Masha Gubar (AKA Limkis) is a talented digital artist from Russia. Her painterly style of vector illustrations are like poetry in visual form. Her vivid artworks are the indicators of what immense possibilities vector illustrations and programs like Adobe Illustrator are capable of.
In this interview, she sits down with me (virtually), where she goes down memory lane and recounts when she started her journey in the creative field. She shares her very first vector works, her thoughts on arts, creativity, challenges, and her road ahead!
1. Hello Masha, welcome to VECTORTUTS! Please introduce yourself, give us a brief bio, tell us where you’re from, and how you got started in digital art?
Who knows Engels? I am not talking about the Marxist, but about the city in the south of Russia located by the beautiful river Volga. I grew up in Engels, went to school, and I still live there. Since I can remember, art has been an essential part of my life; when I was a little girl I already consumed loads of paper, paint and crayons for my sketches, drawings and paintings. My sister teased me telling me she might probably have to become a Greenpeace member in order to compensate a bit for all the trees that had to be chopped down because of my paper consumption.
My delight in painting has not developed by chance: my mother is a well-known Russian painter and so has supported me as good as she could. At the age of 13 I entered the Saratov Art School founded by Bogolyubov. I finished my studies after some terms abroad in Switzerland and got my diploma in Saratov.
It was also in Switzerland that I got familiar with computer graphics in 2003. From the very beginning I have only been using Illustrator, and I have never really considered working with a different program. Once I tried CorelDraw but I got so annoyed that I had to uninstall it immediately. Concerning my illustrator skills I would say I am a self-taught person because I have never done a computer course or anything like that. It was pure learning by doing. Possibly that is why my illustrations seem a little unconventional.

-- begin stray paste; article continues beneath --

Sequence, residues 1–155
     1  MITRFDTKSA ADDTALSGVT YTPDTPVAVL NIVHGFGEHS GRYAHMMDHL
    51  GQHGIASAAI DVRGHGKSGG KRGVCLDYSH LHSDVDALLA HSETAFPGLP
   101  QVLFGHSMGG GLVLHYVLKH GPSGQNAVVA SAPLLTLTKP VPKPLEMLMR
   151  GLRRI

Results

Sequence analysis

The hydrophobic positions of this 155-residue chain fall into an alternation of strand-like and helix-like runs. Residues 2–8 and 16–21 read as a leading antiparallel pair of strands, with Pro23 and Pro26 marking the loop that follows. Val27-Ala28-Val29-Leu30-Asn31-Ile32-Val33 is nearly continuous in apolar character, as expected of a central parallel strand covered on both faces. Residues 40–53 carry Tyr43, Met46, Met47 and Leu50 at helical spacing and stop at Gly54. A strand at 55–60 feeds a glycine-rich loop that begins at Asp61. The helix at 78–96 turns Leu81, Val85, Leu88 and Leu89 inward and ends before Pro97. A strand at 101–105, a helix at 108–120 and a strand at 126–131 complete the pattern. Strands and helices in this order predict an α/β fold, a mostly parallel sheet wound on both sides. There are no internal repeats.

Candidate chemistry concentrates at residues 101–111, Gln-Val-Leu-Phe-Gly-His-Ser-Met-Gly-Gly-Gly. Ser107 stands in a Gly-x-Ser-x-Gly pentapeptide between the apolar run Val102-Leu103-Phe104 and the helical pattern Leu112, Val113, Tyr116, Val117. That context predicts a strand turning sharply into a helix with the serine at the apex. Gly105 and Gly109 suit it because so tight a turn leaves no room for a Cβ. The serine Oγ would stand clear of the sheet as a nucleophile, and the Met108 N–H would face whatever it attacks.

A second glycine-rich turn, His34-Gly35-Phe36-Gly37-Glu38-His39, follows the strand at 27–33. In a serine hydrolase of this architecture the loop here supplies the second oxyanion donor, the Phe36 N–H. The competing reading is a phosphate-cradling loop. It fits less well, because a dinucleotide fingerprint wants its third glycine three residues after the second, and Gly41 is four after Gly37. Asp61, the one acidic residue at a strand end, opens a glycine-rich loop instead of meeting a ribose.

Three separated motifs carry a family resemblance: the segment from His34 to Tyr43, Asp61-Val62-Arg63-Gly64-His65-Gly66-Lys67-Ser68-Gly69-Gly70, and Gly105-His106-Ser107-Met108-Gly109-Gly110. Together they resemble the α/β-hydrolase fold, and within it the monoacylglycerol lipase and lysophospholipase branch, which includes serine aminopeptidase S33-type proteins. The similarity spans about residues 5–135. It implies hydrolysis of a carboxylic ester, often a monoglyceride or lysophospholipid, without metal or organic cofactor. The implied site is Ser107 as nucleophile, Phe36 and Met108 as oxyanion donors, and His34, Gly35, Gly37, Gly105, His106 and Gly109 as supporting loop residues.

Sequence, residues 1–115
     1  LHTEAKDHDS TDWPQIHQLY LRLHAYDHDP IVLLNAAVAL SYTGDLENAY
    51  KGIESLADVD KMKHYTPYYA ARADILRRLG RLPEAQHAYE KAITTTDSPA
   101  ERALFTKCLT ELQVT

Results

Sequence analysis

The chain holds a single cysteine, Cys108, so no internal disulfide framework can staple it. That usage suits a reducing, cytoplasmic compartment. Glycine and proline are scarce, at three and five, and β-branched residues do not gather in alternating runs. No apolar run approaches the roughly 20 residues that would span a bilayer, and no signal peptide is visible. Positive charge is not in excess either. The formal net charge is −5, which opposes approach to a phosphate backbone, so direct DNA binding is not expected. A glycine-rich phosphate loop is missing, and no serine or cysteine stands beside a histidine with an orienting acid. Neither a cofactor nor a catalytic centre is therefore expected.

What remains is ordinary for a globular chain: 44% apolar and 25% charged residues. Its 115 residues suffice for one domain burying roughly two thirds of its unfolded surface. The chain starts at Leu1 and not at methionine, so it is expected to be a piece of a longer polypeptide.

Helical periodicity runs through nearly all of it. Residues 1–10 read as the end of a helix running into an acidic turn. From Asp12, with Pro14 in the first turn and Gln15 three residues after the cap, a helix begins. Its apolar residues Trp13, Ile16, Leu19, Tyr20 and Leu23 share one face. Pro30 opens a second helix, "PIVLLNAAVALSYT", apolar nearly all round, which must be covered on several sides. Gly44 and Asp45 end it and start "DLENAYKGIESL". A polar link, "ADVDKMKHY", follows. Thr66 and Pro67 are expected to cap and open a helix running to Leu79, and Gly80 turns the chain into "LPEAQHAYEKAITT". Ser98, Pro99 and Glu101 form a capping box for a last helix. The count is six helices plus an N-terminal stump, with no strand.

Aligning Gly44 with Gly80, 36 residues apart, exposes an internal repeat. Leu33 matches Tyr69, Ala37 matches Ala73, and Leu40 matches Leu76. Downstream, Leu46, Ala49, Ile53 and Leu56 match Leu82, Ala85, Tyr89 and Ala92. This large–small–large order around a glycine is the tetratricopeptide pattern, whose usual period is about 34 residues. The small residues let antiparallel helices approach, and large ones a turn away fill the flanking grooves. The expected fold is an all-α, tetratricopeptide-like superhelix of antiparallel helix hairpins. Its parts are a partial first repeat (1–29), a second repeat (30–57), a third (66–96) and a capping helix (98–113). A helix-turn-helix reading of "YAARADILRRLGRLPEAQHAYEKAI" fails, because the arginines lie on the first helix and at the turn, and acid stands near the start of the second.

2. Tell us about the first vector illustration you created, was it good? How much has your creativity matured and evolved since your first time?
I still remember my first piece very well. I drew fruit and vegetables (peperoncini, peppers, bananas and so on – see images below). I guess that was already quite OK; at least I was paid many compliments. Since then I have of course developed significantly. If one drew a parallel to math as a school subject, one could say that I started with my knowledge being at primary level and I have possibly reached university now.
Masha’s First Vector Illustrations
3. What is your workflow for creating a typical image, how long does it take? Do you start with sketching or do you start directly in Illustrator? What are your research resources?
Usually I start directly in Illustrator by creating a line sketch with the graphics tablet before colored stretches, gradients, shadows, light, reflexes, etc appear. Actually, I am not doing anything else than a conventional painter; only the tools I use are in electronic form. Something special about me might be that I modify my own brushes according to my needs and wishes very often.
4. You seem to have a complete control over modeling complex shapes and lines, they all flow in perfect sync and have a rhythm of there own. How did you gain the mastery over a vector program like Adobe Illustrator? Which is the one tool or technique in Illustrator that you find yourself using the most? What other software do you use?